Into the valleys

Writer-director Karl Francis talks to Alan Morrison about his powerful new film, Streetlife.

British lilmmaking has. over the years. excelled at no-nonsense. hard-hitting dramatisations of socially relevant issues. From the home-grown boom of the 60s. through to recent examples like Safe and Naked. British filmmakers have used cinema and television screens as the canvas for painting often controversial pictures of troubled times. The latest work to join the elite is SH‘eé’l/lfl’. the story from BBC Wales of a young woman forced by the unforgiving pressures of life to kill her newborn baby.

‘My education in film was the 60s stuff.‘ reckons writer-director Karl Francis. ‘the Sillito adaptations. 'I'his Sporting Life. The l.-Shaped Room. the Cathy Cmne Home stuff. l certainly seem to be that kind of person: half my family‘s unemployed. the other half are coaltniners. You-write from the heart. and that‘s where my heart is.‘

Streetlife is a meticulously paced descent from comedy to tragedy. frotn the group portrait of mutually supportive women on a South Wales council estate to the lonely isolation of its central character Jo. Actress Helen McCrory‘s performance is startling. one of the best of the year. Jo's love of life is visible for all to see in the opening scenes. as she jokes with her workmates. fools around with her married boyfriend. takes philosophy

m I



courses at college. But it’s a fragile surface: she was abused at an early age

by her father. her mother is taken to hospital. and she discovers that she is pregnant by a man who won't commit to her. Slowly. all of her layers of support —- many of them false - are stripped away; and in the process Jo must become a stronger person. drawing on untapped inner strength as she emerges from behind tabloid condemnation to attend the funeral of

her dead child.

‘l've always been aware that there's a romanticism of the working class which denies the dignity of complex

relationships.‘ admits Francis. ‘People

judge others. they can be quite cruel to

each other. What I was trying to say

most of all was that society has changed. This shows that people have become. perhaps. more selfish or

financially driven.‘

That Street/ilk? doesn‘t depict this

working-class community in

sentimental terms is one of the film's strengths. It is also the clearest example

of how it refuses to compromise with

l the truth on any level.

Streetlije ( Film Festival) l 7 Aug.

Film/muse 1. 8.15pm; 21 Aug. Film/muse 1. 1pm; 24 Aug. Film/muse

I. 8.]5pm. £6 (£4).

to Fesshlnder; Moving Pictures threw in the lanes of Sokurov, llreyer and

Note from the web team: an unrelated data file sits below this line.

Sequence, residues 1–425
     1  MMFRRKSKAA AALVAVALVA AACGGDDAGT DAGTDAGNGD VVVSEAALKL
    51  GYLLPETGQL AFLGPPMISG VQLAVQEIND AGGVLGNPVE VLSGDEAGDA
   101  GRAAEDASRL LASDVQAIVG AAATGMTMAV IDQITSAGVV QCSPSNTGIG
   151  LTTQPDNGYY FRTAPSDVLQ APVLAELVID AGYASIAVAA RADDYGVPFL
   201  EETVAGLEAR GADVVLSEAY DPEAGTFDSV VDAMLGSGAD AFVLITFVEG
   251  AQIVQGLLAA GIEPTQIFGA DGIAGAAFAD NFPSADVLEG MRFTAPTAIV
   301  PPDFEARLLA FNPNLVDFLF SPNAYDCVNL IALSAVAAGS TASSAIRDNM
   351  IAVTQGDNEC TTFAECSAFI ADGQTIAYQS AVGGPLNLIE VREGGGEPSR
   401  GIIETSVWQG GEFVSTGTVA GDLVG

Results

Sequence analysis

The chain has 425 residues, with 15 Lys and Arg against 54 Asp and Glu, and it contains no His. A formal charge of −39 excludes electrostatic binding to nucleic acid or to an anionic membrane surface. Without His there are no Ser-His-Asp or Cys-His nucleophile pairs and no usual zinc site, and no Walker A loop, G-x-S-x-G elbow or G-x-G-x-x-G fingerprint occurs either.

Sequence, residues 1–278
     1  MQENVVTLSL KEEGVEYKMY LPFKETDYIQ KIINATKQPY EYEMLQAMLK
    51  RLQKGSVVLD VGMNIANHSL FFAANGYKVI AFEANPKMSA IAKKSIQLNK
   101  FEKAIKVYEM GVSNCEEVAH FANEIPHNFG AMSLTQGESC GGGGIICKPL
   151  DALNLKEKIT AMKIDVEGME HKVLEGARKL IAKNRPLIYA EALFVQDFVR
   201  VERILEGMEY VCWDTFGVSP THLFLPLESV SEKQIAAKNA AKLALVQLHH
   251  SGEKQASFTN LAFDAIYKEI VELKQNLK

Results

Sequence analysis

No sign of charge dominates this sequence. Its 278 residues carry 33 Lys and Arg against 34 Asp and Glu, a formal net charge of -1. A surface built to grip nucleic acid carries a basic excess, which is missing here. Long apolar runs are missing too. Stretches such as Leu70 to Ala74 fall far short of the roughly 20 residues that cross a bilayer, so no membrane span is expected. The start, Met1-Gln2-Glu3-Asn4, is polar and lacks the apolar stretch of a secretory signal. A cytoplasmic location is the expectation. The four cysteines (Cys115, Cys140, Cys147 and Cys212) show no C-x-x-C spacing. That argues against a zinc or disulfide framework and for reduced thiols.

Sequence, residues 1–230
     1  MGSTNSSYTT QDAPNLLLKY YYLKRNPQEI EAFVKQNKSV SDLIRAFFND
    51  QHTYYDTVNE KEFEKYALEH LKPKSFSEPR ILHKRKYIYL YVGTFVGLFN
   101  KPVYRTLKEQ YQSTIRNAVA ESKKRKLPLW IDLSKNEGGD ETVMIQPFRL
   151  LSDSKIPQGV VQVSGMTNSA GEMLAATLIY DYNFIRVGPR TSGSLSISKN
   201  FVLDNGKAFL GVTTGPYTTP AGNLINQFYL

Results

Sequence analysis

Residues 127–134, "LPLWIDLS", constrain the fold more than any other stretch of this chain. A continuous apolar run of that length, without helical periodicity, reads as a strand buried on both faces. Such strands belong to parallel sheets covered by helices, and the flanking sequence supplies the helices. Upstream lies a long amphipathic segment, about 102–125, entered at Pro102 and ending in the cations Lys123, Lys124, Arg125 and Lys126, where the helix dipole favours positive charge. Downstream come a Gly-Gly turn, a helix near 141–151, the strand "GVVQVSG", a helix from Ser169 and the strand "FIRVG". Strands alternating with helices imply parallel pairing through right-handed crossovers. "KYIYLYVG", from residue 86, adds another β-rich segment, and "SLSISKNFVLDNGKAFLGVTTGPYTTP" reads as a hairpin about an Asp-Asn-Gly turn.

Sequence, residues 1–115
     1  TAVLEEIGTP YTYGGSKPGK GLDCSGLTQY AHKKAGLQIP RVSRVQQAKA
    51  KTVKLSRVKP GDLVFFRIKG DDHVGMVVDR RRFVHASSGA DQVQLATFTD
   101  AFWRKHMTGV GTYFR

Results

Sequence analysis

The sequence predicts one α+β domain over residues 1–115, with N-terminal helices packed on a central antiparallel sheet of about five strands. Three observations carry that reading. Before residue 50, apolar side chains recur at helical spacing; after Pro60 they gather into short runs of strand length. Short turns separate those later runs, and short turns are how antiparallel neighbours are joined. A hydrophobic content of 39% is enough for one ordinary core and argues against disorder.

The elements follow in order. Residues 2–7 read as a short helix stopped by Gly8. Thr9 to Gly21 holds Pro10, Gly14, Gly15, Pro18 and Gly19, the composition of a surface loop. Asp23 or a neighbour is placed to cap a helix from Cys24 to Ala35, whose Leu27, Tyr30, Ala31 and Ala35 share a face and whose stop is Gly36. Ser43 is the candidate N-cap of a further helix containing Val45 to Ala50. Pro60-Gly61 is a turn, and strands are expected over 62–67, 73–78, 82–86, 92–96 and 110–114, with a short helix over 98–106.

Bresson; The Village Voice reckoned it

Streetlife: meticulously paced


Stunned by the discovery of her streetwise lover Sean’s body in the river, the naive Juliette (Katrin Cartlidge) embarks upon an obsessive investigation that becomes a journey of self-discovery. Armed with a gun, she sifts the drug- fuelled sleaze and human debris of London’s seedy underworld in search of the three people who were with Sean the night he died - washed-up financial whizz-kid Angel Farnham (Con O’Neill), recklesst gay Labour MP Harry Roberts (James Fleet), and the ageing, drink-sudden Andrea Wallis (Frances Barber), bitchy host of a naff TV quiz show. Each in turn is visited by Juliette, the avenging angel. What she finds out shatters her rose-tinted view of Sean, yet her painful journey is a liberating one. Best known for his gay-themed documentaries and short films, director Constantine Giannaris here broadens his canvas with a graceful yet hard-edged drama that has a bitter twist of ironic humour running right through it. (Nigel Floyd)

Three Steps To Heaven, 17 Aug, Cameo 1, 4pm; 26 Aug, Cameo 1, 9.30pm. £6 (£4).


I was ‘a genuine cause for celebration: ;

The object of all this acclaim is Fred Kelemen’s Fate (Verhanghis), the story

i of a homeless Russian man and the Q woman he meets during a single night

; in Berlin. The concentrated time-

frame gives the film an Intensity that is carried through on many levels;

reinforcing this is the fact that many of the scenes were shot in long takes

- sometimes up to ten minutes with the actors giving it all they’re worth.

Kelemen began his creative life as a painter, and Fate does show a distinctive visual quality. Shot on

g videotape then transferred to film, the

‘g shadowy scenes gain an

. impressionistic quality. This is

probably the purest example of what

7 Film Festival director Mark Cousins

'. was looking for in his new Rosebud

i section: unique, experimental filmmaklng that doesn’t sacrifice its

i emotional content. (Alan Morrison)

The German press has likened the film F8“. 15 Me. “What!” 1. 10-15mm

: 204w, EFT, 8pm; 21 Aug, Fllmhouse I 2, 4m. £6 (£4).


Fridrik Thor Fridriksson put Icelandic cinema on the map when his 1991 drama Children 0! Nature garnered an Oscar nomination, but this latest project, a left-

field road movie that teams him with hotshot American indie producer Jim Stark

; (whose credits include Down By Law, The living End and In The Soup), could be his major breakthrough into international cult status. Masatoshi (Mystery Train)

Nagase plays the young Japanese who follows the advice of his grandpa Seiiun Suzuki (no less) and travels to wintry Rekiavik to pay tribute to his late parents by performing the proper burial ceremonies on the isolated spot where they died some years previously. lt’s hardly a straightforward odyssey - these things never are but one handled with wry humour, an eye for the extraordinarily bleak local landscapes, and a touching degree of genuine emotion. With a marvellous coup do cinema in the first reel, it’s a film to expand anyone’s horizons. Don’t miss. (Trevor Johnston)

3 Bold Fever, 17Aug, Fllmhouse 1, 8.15pm; 18 Aug, Fllmhouse 2, 4pm. £6 (£4).



“The List 11-17 Aug 1995